I sold my smartphone in May and replaced it with a rather feature-less “feature” phone. (I wrote about why I did this recently.) It’s been a bit of an adventure to step away from technology and into the trackless quiet of the heart.
Yes, smartphones are very convenient devices, and I look forward to getting another one soon, but for right now, it’s all about the quiet. And being a better listener, being more attentive to others and my surroundings, being more in tune with nature and the Infinite. That’s the key for me.
I don’t believe there is anything inherently wrong with smartphones, unless it demands too much of your attention and you yield to its demands. That was my problem.
I have lost my “phone reflex” simply because I don’t have one. The phone reflex is that moment when you might have a thought to yourself and you look at your phone instead, looking for the answer to the question,, “What’s new?” or “Why did my phone just vibrate?” and “Why hasn’t Sammy texted me back? WHY?”
I can’t really express what a relief it is to not be “on” red alert 24 hours a day, 7 days a week.
According to BusinessInsider, we touch our phones 2,500 and 5,400 times per day. This can’t be good.
It sometimes seems as if our phones function like an extra limb on our bodies. Now, research demonstrates exactly how attached to the devices we really are. The typical cellphone user touches his or her phone 2,617 time every day, according to a study by research firm Dscout. But that’s just the average user: The study found that extreme cellphone users — meaning the top 10% — touch their phones more than 5,400 times daily. (Emphasis added.)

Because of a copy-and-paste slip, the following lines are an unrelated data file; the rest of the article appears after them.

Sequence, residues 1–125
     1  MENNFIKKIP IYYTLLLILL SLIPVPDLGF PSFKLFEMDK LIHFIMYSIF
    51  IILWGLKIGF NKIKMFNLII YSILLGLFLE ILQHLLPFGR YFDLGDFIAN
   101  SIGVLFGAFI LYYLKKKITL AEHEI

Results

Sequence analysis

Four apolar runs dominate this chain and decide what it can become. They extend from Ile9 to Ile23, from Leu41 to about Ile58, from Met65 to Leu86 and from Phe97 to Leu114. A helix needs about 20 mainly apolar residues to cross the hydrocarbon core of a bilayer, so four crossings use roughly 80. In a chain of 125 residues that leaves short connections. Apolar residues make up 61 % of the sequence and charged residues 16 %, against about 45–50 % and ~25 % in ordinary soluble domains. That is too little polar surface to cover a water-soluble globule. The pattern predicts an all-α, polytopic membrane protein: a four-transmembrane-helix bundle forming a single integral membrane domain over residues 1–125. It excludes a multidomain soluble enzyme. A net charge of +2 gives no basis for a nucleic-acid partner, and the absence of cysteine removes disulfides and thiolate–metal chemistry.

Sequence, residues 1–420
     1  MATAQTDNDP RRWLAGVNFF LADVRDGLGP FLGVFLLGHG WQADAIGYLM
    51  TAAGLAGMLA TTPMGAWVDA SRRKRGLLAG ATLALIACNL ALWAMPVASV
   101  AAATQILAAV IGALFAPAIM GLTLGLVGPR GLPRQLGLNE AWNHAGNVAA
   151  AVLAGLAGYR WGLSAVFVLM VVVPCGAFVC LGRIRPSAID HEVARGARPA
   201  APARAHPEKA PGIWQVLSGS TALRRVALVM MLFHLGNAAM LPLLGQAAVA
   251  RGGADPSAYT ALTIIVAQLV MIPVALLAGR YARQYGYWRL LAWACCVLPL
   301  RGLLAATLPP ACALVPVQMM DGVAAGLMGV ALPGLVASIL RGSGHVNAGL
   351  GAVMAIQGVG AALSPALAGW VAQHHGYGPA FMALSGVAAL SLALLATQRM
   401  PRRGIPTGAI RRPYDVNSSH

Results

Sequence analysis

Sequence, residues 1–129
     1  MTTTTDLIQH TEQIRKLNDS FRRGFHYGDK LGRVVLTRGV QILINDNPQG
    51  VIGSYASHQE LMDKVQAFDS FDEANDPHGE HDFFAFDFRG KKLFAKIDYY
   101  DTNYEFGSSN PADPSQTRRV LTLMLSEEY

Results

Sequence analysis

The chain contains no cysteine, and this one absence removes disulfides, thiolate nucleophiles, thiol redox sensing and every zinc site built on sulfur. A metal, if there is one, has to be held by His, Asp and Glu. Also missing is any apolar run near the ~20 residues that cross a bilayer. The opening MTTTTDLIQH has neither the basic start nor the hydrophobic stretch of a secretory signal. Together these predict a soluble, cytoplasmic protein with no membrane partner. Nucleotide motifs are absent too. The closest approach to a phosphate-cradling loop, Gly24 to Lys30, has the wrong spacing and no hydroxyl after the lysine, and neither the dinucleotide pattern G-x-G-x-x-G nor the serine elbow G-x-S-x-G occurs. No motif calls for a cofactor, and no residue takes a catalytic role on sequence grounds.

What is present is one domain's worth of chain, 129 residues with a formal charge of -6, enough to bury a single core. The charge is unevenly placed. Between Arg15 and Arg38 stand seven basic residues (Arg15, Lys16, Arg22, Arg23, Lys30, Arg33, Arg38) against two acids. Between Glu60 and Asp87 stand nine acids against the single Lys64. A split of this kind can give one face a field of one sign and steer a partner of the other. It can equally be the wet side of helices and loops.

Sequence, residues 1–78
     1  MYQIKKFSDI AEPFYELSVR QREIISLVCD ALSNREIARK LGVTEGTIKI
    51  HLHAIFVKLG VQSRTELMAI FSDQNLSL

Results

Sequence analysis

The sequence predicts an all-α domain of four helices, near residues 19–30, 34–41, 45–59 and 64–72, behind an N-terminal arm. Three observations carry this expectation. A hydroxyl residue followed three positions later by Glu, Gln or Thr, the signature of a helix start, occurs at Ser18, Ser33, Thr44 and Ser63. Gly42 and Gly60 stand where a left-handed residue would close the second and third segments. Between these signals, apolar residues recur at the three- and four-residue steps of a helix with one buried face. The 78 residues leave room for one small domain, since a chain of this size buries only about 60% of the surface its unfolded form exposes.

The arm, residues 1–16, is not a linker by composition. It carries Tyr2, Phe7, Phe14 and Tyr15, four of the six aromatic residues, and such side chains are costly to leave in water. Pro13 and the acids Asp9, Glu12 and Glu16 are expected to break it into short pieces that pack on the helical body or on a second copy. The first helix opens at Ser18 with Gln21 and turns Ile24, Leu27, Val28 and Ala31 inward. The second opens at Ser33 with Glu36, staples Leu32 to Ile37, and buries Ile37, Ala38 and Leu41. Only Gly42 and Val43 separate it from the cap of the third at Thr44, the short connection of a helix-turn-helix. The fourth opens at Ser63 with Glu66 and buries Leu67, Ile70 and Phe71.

That’s really a lot, more than I thought. How much time does all that touching consume? About 1/4 of our waking hours or over 4 hours per day, according to Hackernoon.
I am not saying that all that time on our, ahem, your phones is bad. I don’t believe that, but if you have lost control, if your phone is dominating your life, to the alienation of loved ones or even strangers on the train who want to exchange a few words with you, it has gone too far.
I couldn’t manage it—my compulsivity, that is—so I had to quit cold turkey (and I am so glad I did). I plan to get a new smartphone in the next few months, but if I can’t abide my own rules, I have promised myself that I won’t keep it. That’s the deal.